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To take this and turn it into a tiny community around a culdesac, it would take four resourced and aligned buyers. Specifically, what appeals to me is four soon-to-be-young families (or already young families). The financial resources needed to do this probably means that both parents earn an income but that is not a requirement. The parents would also want to be quite settled in their intention to live in a more rural area, to choose the great responsibilities of ‘tending the land’ and raising the next generation and to literally build the next chapter of their lives for themselves. The cost of the land, the permitting and site-preparation (drilling a new fresh water well or connecting one of the existing ones, septic tanks, power hookups, site-clearing, grading) would be between 200-300k per lot. And even if we do most of the building labour, energy-efficient cozy houses for a small family could easily add another 125-200k per lot on top of that. This will be a lot better value than spending that same money on a fixer-upper in this area but it will take more time and effort. The goal will be for a rich quality of life while minimising monthly liabilities (such as servicing debt/insurance/tax payments, or high energy costs).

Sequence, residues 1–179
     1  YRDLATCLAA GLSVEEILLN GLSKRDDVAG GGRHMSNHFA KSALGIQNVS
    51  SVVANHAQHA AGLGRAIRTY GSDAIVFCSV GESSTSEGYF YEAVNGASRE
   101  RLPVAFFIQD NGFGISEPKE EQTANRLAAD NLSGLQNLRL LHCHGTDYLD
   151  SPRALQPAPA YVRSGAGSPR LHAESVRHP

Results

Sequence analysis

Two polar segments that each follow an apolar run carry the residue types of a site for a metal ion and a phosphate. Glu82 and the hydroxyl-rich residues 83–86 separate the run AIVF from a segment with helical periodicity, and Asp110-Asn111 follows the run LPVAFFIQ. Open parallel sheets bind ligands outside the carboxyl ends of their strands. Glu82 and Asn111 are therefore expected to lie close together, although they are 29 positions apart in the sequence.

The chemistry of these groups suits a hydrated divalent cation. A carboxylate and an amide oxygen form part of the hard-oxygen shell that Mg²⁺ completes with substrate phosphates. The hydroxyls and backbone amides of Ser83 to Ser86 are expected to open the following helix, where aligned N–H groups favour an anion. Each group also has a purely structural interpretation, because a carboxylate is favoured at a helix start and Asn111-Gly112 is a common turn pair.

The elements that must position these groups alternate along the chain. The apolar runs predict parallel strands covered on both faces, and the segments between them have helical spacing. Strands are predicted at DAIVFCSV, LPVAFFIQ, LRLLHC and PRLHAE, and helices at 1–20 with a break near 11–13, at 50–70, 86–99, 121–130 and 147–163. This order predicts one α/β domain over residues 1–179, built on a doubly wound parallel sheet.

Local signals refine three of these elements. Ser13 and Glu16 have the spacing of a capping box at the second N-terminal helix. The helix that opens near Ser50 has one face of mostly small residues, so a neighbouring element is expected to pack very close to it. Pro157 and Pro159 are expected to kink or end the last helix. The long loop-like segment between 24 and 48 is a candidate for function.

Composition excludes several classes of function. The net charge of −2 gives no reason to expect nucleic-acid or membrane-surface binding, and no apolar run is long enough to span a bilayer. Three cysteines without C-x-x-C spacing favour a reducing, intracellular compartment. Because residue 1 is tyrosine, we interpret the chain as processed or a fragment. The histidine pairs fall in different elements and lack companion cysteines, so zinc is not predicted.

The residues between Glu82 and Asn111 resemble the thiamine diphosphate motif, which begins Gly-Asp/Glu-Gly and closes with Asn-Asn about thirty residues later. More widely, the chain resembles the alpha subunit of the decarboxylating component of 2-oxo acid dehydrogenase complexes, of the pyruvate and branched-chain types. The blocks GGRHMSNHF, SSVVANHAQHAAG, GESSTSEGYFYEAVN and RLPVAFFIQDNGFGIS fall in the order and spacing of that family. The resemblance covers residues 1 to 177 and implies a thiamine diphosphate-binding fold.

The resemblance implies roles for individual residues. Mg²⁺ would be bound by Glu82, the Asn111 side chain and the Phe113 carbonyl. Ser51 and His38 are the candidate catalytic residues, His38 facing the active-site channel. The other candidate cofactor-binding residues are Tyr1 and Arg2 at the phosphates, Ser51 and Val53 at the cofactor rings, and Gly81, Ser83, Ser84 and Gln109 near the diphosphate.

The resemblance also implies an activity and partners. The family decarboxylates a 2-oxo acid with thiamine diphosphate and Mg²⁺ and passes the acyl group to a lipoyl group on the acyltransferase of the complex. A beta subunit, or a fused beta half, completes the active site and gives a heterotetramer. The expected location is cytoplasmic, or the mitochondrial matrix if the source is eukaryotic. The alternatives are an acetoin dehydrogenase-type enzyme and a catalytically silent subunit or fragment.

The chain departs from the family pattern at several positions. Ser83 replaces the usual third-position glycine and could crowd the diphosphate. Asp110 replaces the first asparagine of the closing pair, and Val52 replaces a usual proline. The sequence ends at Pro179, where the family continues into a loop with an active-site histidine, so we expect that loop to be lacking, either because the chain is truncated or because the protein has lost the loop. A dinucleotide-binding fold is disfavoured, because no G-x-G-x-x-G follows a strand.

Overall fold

Society is not making the initiation of raising a child any easier. This banding together is aimed directly at that goal; of making it easier to create a thriving life for us and our youth.

The full process is long; many years in the making. While the separation of the four lots simplifies some aspects of this venture, zoning, county rules and state building code do limit our options. The initial few years would be the most intense of the process;

  • finding the right people,
  • navigating land purchases,
  • planning, preparation and sorting out the legal and fiscal aspects of shared resources,
  • And of course, construction!

There will be snags and obstacles in this time; we would need a path for one of the families (hopefully no more than that!) to be switched out, if their circumstances shift. Once everything is up and running, the home owners association would cover the pieces of shared infrastructure. Then, in the eyes of the county and financial system, we would each own a residence on a separate lot; very legible for them to understand, and transferring the ownership of one of those lots would be straight-forward. As a community, we would obviously work to stick together. However, all healthy communities must have ways to allow community members to transition out of them (and to have new members transition in!).

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After the intensity of the initial phase, the following 10 to 15 years would see the many trials and tribulations of raising youth, with the periodic extension of existing dwellings or additions of yurts, ADUs, gardens, gathering spaces, and other infrastructure.

The benefits of this for families